“By introducing rapid oxidation to the production process, you can significantly reduce energy consumption and improve the efficiency – essentially, we can radically increase the speed of manufacturing but still remain in control of the process,” Professor Varley says.

IFM has partnered with LeMond Composites to commercialise such technology – which enables reductions of 75% and 70% in capital expenditure and energy consumption per kilogram of output respectively. Carbon Nexus researchers are also investigating how waste can be introduced into the production process.

Carbon fibre production generates harmful waste gases. Researchers are exploring how to recover those waste gases and, instead, recycle the gaseous effluents into carbon nanotubes on carbon fibres. But as important as the manufacturing process is, what happens to the carbon fibre after its first life? How easily can carbon fibre be disassembled and recycled?

Carbon Nexus researchers have begun looking at vitrimers – a new family of resin systems that have the base chemistry and properties of thermosets while having the processability and recyclability of a thermoplastic. Using this technology, the team has created new carbon fibre composite materials.

“Like Lego, these vitrimers are designed for disassembly,” Prof Varley says. “They can be recycled, repaired, restored and they keep going – it’s the science of resource efficiency.”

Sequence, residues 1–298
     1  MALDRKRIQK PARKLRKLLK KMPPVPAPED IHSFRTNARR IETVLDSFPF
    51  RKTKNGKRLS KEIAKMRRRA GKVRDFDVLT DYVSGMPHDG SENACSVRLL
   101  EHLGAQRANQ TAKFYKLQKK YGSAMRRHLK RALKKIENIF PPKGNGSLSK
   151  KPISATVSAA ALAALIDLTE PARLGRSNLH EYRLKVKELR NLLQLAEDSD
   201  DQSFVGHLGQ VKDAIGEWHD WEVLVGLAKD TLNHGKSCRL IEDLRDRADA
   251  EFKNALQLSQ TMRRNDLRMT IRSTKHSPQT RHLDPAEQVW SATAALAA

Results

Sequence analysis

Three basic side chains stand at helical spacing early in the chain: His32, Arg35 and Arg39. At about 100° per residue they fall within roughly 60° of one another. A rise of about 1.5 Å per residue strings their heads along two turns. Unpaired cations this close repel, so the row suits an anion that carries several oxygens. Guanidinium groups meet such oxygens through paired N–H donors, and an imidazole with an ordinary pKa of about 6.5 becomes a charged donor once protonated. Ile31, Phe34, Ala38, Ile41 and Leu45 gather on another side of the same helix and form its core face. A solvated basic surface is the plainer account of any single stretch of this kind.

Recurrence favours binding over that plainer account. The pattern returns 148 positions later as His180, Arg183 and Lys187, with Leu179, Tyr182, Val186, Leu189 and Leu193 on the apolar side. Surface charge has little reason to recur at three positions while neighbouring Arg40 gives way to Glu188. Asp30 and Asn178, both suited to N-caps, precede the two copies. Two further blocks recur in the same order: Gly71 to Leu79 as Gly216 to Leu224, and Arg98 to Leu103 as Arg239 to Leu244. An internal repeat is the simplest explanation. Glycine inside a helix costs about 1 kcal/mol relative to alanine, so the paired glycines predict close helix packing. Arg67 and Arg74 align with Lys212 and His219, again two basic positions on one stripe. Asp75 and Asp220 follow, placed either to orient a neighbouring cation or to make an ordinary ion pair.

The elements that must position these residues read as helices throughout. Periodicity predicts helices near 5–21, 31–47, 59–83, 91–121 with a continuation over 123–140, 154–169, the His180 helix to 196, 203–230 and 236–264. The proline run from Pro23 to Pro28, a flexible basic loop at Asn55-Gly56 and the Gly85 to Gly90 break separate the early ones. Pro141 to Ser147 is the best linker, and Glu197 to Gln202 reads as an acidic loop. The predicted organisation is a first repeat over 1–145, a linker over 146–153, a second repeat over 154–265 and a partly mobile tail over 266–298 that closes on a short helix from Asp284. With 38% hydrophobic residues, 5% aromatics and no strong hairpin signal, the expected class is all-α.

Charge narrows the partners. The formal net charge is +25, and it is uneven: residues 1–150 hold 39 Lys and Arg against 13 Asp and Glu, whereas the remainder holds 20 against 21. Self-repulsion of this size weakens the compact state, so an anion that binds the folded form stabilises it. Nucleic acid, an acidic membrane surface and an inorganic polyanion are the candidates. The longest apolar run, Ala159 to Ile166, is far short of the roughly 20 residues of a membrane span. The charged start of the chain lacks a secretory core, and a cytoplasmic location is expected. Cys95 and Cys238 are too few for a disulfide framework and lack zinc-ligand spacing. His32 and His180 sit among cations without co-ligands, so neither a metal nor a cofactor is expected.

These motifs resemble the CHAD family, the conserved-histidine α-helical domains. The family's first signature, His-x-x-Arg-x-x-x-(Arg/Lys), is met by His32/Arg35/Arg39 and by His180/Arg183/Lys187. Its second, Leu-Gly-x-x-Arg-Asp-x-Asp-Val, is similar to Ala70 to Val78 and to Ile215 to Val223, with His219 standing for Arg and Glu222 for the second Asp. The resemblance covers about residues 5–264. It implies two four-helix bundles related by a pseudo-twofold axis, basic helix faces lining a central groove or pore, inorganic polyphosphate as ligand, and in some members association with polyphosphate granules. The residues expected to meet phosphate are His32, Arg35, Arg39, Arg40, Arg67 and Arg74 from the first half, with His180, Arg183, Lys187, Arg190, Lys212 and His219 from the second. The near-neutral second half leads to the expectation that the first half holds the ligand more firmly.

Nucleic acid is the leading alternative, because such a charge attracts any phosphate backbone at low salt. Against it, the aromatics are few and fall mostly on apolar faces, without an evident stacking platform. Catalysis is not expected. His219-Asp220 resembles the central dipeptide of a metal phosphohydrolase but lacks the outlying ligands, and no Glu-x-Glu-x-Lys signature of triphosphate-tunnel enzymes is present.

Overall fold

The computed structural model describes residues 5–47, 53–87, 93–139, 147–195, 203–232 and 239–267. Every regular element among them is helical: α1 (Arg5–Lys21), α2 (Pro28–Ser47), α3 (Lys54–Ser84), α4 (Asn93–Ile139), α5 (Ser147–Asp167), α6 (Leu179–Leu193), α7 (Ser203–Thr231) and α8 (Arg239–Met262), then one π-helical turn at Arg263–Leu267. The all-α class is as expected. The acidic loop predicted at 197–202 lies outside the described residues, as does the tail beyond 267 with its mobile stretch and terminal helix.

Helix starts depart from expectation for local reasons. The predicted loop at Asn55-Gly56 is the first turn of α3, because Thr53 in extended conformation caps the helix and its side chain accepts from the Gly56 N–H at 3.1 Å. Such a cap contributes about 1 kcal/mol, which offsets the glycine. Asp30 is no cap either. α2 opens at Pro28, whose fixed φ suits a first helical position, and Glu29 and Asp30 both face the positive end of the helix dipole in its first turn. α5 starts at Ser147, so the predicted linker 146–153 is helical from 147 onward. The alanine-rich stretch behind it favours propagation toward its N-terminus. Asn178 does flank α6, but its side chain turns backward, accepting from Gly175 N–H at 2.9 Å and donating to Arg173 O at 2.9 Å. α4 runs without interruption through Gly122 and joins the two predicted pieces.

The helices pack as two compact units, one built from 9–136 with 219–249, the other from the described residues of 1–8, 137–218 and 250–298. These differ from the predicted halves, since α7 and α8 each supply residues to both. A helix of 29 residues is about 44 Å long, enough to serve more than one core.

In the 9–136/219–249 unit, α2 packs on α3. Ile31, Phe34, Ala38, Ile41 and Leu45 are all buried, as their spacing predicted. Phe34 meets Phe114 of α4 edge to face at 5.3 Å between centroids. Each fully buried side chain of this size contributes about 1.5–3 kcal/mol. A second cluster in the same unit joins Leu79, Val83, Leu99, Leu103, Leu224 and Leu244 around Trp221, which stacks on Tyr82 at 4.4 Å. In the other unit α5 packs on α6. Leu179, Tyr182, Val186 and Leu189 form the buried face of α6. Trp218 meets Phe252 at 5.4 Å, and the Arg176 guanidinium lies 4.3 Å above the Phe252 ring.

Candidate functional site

Uncovering bio-based composite materials

Currently, bio-derived carbon fibre does not exist on the commercial market. However, researchers at Carbon Nexus have already demonstrated that it is possible to manufacture it at scale.

“It has been done previously using lignin/cellulose, but our recent work has shown for the first time that entirely bio-based carbon fibre can indeed be manufactured at pilot scale and carbonised continuously first via oxidation then via carbonisation,” Professor Varley says.

“We have manufactured 1K tow carbon fibre from lignin cellulose via a traditional continuous manufacturing process with good mechanical properties – a world first.’’

According to the Carbon Nexus team, bio-based composite materials also bring superior characteristics. As construction sites dominate city skylines, major catastrophes such as the London’s Grenfell Tower disaster highlight the need for more advanced structure composite materials.

Fibre reinforced polymer composite materials are already widely used due to their excellent strength-to-density ratio, stiffness, fatigue strength and corrosion resistance.

“Fire-resistant composites have many disadvantages from poor processability and properties, to being entirely derived from unsustainable petrochemical sources,” Prof Varley says.

“To tackle this, we need to turn to bio-derived raw materials. At Carbon Nexus, we have developed new fire-retardant resin systems which, in addition to having excellent mechanical and thermal properties, are also derived from sustainable biomass.”

Focusing on fire retardant vegetation and exploring their special microstructure to prevent fires, the research team used agricultural waste to develop a bio-based flame-retardant hardener for an epoxy system. Next steps are using this matrix for carbon fibre fabrication.